But for the most part, I really thought the various scenes where the film was shot was intriguing. And you can tell, one scene was shot when the smog was terrible in some part of China, while others are vibrant. But for the most part, I thought it was a nice change of pace to see these action scenes not in Hong Kong but in mainland China and the scenery and overall shots look great on Blu-ray!
AUDIO & SUBTITLES:
“Drug War” is presented in Mandarin DTS-HD MA 5.1 and 2.0. “Drug War” delivers in ambiance and also scenes with gun fights among the police and the criminals. By the final half hour of the film, this is where the majority of the action scenes take place and the scenes that use the surround channels effectively.
As for ambiance, areas where there many people, like in a club setting is where you hear most of the ambiance. But other than that, dialogue and musical score are crystal clear.
Subtitles are in English.
“Drug War” comes with a trailer.
“Drug War” comes with a slipcover.
Having watched many Johnnie To films, there are quite a few things that come to mind.
What I found to be effective is its storyline and how far the police would go to capture the drug kingpins in China. Certain scenes are brutal and the fact it was shot in mainland China was very intriguing because most drug films I have seen are from Hong Kong.
So, shooting in China gave a new look to To’s films but it was also a learning experience from the renown filmmaker. The film doesn’t have excessive violence compared to To’s HK films but considering this is new ground from him to shoot in mainland China, I would have to say that “Drug War” was a feature that was experimental in some ways for the veteran filmmaker.
But the action scene for this film is probably going to be one of the most memorable gunfight scenes between police and drug dealers. Where there have been many films that show a lot of violence, the way the gun war was staged and presented on film was surprising.
People do get shot (many times) and even bodies are seen being run over. Children are also featured during the gunfight which I didn’t expect to see but any drug war in any other country, the fact that many civilians do get caught up in the drug war is well-featured.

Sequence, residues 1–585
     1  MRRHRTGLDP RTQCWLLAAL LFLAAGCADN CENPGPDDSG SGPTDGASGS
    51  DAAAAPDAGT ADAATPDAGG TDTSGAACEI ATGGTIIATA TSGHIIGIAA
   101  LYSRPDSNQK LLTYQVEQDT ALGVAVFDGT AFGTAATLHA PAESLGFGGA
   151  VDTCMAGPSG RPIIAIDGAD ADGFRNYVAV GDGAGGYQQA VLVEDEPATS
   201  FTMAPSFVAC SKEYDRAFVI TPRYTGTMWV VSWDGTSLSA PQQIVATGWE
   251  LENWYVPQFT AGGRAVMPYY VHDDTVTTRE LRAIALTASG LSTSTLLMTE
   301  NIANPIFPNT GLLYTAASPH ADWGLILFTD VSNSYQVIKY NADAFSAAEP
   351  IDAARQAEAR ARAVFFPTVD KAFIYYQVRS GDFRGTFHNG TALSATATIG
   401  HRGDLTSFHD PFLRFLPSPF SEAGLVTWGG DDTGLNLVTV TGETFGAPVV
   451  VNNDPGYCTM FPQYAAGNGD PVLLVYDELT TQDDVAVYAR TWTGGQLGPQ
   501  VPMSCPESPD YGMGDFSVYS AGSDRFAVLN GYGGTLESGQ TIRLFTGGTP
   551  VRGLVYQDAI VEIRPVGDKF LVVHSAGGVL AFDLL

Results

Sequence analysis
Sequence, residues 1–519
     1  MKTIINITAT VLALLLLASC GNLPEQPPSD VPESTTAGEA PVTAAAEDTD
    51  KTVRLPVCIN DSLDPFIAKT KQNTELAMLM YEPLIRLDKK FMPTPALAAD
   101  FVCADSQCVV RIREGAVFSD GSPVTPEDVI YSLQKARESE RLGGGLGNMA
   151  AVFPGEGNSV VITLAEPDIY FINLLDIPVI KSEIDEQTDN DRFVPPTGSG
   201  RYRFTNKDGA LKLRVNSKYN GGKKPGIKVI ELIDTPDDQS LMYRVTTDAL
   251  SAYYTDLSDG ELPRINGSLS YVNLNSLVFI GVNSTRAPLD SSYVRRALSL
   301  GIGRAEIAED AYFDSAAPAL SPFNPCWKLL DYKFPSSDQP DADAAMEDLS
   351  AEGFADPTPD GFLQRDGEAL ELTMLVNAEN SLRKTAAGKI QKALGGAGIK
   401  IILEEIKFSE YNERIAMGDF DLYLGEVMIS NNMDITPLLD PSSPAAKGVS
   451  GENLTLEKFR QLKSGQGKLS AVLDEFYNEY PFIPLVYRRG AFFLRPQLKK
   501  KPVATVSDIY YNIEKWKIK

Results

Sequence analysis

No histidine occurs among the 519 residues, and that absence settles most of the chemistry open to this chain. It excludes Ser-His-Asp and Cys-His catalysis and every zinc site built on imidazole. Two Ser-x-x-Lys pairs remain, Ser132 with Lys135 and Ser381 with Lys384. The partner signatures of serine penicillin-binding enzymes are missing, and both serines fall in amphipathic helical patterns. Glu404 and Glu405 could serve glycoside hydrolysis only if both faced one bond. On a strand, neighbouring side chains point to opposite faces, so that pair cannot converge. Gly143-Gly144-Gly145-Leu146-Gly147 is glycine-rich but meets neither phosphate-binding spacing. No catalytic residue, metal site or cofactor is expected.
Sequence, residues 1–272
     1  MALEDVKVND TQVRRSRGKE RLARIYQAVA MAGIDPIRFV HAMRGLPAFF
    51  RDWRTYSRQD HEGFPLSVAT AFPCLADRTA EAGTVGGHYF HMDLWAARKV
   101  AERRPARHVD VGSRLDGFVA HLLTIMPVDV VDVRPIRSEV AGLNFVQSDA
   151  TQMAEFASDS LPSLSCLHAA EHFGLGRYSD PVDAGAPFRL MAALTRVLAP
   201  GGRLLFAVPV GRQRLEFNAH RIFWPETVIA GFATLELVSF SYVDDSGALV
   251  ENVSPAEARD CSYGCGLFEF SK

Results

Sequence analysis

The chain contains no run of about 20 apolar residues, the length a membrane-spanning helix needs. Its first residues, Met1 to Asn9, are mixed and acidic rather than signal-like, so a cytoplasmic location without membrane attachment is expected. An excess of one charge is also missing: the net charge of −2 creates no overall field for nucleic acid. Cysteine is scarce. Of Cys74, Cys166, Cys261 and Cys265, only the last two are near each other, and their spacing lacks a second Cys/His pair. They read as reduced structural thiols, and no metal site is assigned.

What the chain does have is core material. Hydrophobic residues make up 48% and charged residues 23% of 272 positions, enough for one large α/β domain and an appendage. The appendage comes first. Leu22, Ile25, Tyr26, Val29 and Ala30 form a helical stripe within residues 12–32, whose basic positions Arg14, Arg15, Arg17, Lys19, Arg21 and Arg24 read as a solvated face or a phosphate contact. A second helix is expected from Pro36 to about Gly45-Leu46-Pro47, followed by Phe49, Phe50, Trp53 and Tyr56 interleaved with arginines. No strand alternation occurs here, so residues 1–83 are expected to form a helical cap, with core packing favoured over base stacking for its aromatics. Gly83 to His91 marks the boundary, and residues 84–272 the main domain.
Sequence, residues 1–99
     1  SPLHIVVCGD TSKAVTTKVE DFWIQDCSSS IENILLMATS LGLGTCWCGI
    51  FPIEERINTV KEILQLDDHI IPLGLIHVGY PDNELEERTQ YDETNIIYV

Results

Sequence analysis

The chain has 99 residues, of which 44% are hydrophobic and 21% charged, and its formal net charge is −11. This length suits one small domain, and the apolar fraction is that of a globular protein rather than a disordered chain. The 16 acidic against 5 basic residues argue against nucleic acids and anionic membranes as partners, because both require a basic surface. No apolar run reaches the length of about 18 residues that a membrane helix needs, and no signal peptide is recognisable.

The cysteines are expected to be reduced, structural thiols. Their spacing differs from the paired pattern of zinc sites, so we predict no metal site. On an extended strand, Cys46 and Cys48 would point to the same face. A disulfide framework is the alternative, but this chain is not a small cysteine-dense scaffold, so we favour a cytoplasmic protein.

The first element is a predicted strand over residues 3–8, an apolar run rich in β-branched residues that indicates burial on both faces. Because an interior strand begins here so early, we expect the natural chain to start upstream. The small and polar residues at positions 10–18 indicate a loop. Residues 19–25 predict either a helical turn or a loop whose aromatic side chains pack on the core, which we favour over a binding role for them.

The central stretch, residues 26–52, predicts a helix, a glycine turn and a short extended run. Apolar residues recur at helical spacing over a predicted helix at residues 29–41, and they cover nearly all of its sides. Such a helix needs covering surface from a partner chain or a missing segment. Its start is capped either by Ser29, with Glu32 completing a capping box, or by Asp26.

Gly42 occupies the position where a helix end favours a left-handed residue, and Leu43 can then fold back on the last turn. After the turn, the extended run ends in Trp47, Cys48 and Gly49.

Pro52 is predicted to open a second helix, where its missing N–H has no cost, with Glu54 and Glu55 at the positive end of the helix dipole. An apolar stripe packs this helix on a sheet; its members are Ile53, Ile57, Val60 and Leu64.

The film also uses quite a few mute people in the film and how they are utilized by drug groups.
As for the acting, this is the first time in which I have seen Louis Koo play a role like this and he pulls it off, as does Sung Honglei having to play the stonefaced Captain but also trying to play a laughing drug dealer.
The performances are well-done, so I was quite happy about how things were in the film.
But if there were problems that I had, it was the more obvious. One cop trailing a dangerous criminal and taking his time before calling backup. A skeleton crew working on a major drug bust and police trailing non-intelligent drivers of drug transportation vehicles. And all the police can do is follow.
There were times where the film got it right with the heavy use of armed police but when the skeleton crew are the ones involved with stopping a major drug group, you would think that they would have bulletproof vests and have better weapon to combat to fight their foe. Or another in which Captain Zhang snorts a lot of cocaine to make sure his undercover identity is not blown. But one taking an ice bath or guzzling down water to make him normal again, doesn’t seem right.
But I suppose that is my mind trying to think of why didn’t they do this instead of that and I suppose this is a film where one shouldn’t think too much of the “why’s”. Just accept how the film presents itself.
As for the Blu-ray, “Drug War” looks great on Blu-ray and the audio quality showed a small bit of immersion for ambiance and the action sequences. There are no special features but a trailer.
Overall, if you have followed Johnny To’s film career and watched films such as “Election” or “Triad Election” or any of his action films, you get a good sense to see what kind of filmmaker he is and how he tries to craft a fine balance of story and action. The same can be said about “Drug War”, a fascinating and enjoyable film with memorable action scenes.
“Drug War” is recommended!